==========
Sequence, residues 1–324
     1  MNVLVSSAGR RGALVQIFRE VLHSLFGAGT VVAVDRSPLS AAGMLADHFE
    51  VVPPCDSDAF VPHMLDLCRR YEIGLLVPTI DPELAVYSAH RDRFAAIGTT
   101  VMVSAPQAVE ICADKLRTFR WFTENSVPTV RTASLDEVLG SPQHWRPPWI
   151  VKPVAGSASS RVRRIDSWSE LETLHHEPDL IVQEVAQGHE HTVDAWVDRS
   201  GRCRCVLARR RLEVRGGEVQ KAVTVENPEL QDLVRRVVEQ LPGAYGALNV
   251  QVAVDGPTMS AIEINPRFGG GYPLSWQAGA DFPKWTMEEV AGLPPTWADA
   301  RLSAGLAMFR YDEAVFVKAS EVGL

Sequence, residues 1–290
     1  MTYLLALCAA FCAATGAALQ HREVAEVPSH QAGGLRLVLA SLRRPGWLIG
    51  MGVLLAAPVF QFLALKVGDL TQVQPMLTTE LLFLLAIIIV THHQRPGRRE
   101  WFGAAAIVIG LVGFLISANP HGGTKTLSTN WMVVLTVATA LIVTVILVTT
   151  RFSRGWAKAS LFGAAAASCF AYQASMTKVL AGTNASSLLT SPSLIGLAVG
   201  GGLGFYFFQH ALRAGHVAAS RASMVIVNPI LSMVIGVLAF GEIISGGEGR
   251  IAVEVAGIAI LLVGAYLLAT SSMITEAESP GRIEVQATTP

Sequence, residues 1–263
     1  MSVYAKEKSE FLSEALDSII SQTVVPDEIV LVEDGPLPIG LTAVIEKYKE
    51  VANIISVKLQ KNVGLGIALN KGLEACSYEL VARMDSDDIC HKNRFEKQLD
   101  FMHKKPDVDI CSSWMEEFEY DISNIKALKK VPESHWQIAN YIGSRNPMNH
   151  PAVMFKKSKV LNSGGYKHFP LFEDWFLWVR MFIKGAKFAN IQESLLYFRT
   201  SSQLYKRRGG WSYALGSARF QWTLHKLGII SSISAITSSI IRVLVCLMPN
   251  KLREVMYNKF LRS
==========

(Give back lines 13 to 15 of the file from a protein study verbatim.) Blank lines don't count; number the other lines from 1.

   151  RFSRGWAKAS LFGAAAASCF AYQASMTKVL AGTNASSLLT SPSLIGLAVG
   201  GGLGFYFFQH ALRAGHVAAS RASMVIVNPI LSMVIGVLAF GEIISGGEGR
   251  IAVEVAGIAI LLVGAYLLAT SSMITEAESP GRIEVQATTP